Switching to OS X
Having just read your column in ATPM, I want to send encouragement to make the switch. It is much less traumatic and much easier to learn that I ever dreamed.
My switch came about because I got a new iMac for Christmas, so my situation is somewhat different. We took my old B&W G3 into the store my husband bought the iMac from, where my sales representative copied my G3 hard drive to the new iMac. So, I didn’t have to deal with that, although I did burn CDs of everything I didn’t want to lose, just in case.
When I got the new iMac home, it took me five minutes, literally, to be on the Web and getting mail using OS X as my startup system. I am using OS X Mail and Apple’s Safari Web browser, and find them stable and trouble-free, although Mail lacks a return receipt feature that I would really like to have. In that five minutes, I imported all my bookmarks and mail folders from Netscape 4.79 (which I had been using for e-mail) flawlessly. I have found only one Web site that insisted it could only work with Netscape or IE. I do have IE 5 on my hard disk, just in case.
Because OS X and OS 9 can run simultaneously on the iMac, I always start up in OS X (have now upgraded to 10.2.4). None of my software (PageMaker 7.0, Microsoft Office 98, FileMaker 4.0 are the biggies, with lots of other applications and fonts) is OS X native. I was a little apprehensive, but all I have to do to open an OS 9 program is to double-click on it just as if I had started up in 9. I have found a couple of programs (Roxio Toast Light, for example) that simply won’t work unless I restart in 9, but they are few and far between. I certainly learned only the basics, but that is all I needed to do! I will find out all the niceties as I go along.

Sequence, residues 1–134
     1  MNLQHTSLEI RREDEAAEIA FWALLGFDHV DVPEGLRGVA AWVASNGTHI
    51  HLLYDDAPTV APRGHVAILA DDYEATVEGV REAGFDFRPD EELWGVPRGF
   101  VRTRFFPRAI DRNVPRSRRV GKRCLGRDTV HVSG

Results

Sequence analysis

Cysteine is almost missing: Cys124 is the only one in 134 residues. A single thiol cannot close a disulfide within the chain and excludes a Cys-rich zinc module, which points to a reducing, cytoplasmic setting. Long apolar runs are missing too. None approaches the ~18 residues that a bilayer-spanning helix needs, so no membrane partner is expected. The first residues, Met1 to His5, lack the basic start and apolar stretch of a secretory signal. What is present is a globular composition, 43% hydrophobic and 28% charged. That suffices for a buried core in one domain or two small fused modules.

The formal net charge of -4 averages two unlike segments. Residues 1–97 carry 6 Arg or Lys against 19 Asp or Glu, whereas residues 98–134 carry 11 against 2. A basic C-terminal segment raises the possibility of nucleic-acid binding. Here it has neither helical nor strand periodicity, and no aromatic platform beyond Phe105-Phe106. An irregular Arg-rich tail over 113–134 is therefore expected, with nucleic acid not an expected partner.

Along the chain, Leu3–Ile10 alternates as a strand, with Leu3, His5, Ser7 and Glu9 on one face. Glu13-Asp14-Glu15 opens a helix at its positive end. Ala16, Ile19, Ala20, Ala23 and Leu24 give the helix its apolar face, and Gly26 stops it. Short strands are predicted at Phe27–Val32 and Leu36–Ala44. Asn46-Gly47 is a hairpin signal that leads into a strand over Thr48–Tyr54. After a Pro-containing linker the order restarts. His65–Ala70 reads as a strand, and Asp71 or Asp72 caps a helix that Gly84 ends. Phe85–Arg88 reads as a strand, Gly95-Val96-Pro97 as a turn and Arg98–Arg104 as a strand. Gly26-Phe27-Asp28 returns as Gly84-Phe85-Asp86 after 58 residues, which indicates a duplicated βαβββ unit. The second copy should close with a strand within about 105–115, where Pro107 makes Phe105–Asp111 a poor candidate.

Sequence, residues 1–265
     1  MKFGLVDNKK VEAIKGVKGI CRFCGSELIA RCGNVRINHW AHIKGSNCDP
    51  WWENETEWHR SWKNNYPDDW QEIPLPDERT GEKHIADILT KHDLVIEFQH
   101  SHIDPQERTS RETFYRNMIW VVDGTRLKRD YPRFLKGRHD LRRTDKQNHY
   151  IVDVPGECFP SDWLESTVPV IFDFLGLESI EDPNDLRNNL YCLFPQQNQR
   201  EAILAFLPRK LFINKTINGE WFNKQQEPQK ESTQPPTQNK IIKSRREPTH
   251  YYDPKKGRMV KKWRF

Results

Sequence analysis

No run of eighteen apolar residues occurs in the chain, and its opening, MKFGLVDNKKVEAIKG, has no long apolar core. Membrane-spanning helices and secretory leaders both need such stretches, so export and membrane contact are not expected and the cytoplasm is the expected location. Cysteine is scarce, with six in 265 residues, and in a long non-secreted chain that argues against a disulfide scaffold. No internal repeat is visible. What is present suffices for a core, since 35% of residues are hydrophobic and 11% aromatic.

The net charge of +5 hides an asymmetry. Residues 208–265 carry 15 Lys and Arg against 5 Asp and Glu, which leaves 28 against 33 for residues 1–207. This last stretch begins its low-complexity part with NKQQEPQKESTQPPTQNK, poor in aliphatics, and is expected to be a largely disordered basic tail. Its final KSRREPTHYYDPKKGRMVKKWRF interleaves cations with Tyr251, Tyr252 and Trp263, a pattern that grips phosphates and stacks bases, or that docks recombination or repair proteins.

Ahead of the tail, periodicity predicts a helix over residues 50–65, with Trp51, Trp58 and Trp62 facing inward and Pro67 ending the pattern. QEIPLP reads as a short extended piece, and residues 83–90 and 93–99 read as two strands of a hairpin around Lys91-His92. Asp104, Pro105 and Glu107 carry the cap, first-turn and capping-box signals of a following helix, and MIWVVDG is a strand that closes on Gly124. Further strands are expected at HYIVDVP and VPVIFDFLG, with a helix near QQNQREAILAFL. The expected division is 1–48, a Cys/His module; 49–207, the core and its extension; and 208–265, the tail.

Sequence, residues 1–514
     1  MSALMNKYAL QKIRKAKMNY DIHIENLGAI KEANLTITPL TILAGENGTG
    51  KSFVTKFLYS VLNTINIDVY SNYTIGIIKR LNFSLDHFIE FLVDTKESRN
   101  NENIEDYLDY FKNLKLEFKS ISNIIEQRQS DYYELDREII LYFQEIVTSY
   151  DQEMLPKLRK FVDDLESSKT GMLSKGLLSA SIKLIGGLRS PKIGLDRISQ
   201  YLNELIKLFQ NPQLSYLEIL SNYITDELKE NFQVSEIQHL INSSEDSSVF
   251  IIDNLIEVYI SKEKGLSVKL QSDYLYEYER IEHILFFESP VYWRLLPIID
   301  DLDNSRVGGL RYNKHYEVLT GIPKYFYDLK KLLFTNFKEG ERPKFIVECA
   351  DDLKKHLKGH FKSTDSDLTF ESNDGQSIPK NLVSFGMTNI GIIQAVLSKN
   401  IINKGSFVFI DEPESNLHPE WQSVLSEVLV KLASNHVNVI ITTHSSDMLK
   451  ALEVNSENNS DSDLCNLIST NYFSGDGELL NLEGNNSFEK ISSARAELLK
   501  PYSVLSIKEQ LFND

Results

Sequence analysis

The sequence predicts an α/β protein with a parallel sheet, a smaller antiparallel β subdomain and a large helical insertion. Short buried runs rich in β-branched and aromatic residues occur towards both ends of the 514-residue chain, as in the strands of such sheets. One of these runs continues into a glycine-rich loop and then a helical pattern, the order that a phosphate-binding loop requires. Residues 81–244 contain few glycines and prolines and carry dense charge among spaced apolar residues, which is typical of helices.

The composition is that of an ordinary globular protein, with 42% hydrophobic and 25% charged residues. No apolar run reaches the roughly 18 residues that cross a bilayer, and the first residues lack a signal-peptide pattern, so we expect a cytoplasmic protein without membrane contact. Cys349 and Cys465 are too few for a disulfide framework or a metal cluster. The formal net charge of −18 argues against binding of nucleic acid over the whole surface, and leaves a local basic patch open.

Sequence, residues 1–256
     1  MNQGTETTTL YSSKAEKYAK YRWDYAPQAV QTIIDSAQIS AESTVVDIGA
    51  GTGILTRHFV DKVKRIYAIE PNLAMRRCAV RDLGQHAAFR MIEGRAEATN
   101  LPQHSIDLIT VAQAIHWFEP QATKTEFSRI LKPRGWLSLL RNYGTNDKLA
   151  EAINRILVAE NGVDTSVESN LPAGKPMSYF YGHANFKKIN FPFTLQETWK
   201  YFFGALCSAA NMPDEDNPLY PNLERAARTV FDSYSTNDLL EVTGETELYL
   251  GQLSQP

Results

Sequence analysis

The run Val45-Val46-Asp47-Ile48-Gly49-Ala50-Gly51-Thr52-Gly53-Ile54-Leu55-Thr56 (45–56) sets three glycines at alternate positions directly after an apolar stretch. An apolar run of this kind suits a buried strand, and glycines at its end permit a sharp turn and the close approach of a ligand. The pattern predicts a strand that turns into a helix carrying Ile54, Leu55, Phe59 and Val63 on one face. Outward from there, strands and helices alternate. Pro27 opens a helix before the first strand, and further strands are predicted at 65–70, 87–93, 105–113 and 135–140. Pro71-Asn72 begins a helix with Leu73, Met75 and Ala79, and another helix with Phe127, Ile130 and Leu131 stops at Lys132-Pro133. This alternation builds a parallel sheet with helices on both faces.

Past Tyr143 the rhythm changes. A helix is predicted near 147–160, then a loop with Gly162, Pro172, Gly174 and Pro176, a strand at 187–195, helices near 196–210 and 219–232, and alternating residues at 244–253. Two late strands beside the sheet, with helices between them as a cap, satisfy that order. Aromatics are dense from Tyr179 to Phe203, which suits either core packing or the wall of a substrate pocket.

I am enjoying working in OS X and will upgrade my software as funds (i.e. birthday and Christmas money) come available. BTW, all my USB peripherals (Epson C80 printer, Epson 1240U scanner, Nikon CoolPix 775 camera) also worked flawlessly as soon as I plugged them in.
This was absolutely the easiest switch from Mac computer to Mac computer or OS to OS that I have ever made. And this is the best Mac computer (since 1986) that I have ever had. Plus, it is really cool looking! I guess you could say that I am a happy camper!
The 2003 “Stuff You Can’t Live Without” Awards
Thank you for this great article. It’s nice to have a little overview of must-have apps of today, now that there is a continuous stream of new software released for the Mac that appears to be stronger than ever before. I guess Mac OS X really started an avalanche of new developers for Mac and, though it’s great to have plenty of options when it comes to software for a specific task, it’s also getting more and more difficult to pick the best-of-breed. Kudos on your choices!
This site is amazing. There are many points being discussed for which I have been searching for a long time, but it’s all here. A big thanks to all at ATPM!
A big thanks also to Matthew Glidden—your articles are really helpful. You must be a good bloke!
I enjoyed the article about sharing printers among Macs on a network. I wonder if you have any suggestions for a situation where two non-networked computers, one a Mac and one a PC, need to share a USB-capable printer. I inquired about using a USB hub to connect the lot of them together and was told “you can’t do that.”
Any information would be appreciated.